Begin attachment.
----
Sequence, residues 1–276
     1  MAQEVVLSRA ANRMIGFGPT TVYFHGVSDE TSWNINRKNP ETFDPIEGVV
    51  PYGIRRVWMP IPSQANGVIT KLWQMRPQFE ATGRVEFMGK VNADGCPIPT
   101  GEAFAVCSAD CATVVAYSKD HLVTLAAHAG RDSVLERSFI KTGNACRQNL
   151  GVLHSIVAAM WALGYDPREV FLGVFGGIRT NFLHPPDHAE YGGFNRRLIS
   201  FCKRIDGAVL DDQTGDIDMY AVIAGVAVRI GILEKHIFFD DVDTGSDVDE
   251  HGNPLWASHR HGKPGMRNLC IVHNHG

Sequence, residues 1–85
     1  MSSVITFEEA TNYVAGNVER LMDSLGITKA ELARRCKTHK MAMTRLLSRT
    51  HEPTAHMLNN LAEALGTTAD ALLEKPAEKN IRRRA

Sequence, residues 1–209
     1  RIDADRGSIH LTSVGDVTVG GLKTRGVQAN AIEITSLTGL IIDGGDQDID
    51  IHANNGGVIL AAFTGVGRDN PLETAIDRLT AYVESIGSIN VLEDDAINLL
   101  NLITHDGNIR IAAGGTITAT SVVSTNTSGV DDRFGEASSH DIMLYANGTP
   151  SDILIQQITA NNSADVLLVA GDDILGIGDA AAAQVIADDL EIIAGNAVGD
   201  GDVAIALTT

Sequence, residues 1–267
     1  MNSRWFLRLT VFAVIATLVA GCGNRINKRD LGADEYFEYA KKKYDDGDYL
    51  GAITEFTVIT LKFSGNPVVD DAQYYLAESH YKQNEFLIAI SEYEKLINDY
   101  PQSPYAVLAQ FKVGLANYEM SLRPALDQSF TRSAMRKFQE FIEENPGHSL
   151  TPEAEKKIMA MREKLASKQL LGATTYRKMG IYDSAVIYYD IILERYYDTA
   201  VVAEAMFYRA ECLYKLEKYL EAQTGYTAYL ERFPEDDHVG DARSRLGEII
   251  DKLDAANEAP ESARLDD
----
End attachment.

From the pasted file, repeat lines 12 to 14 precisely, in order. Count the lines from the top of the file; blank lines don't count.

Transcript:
     1  RIDADRGSIH LTSVGDVTVG GLKTRGVQAN AIEITSLTGL IIDGGDQDID
    51  IHANNGGVIL AAFTGVGRDN PLETAIDRLT AYVESIGSIN VLEDDAINLL
   101  NLITHDGNIR IAAGGTITAT SVVSTNTSGV DDRFGEASSH DIMLYANGTP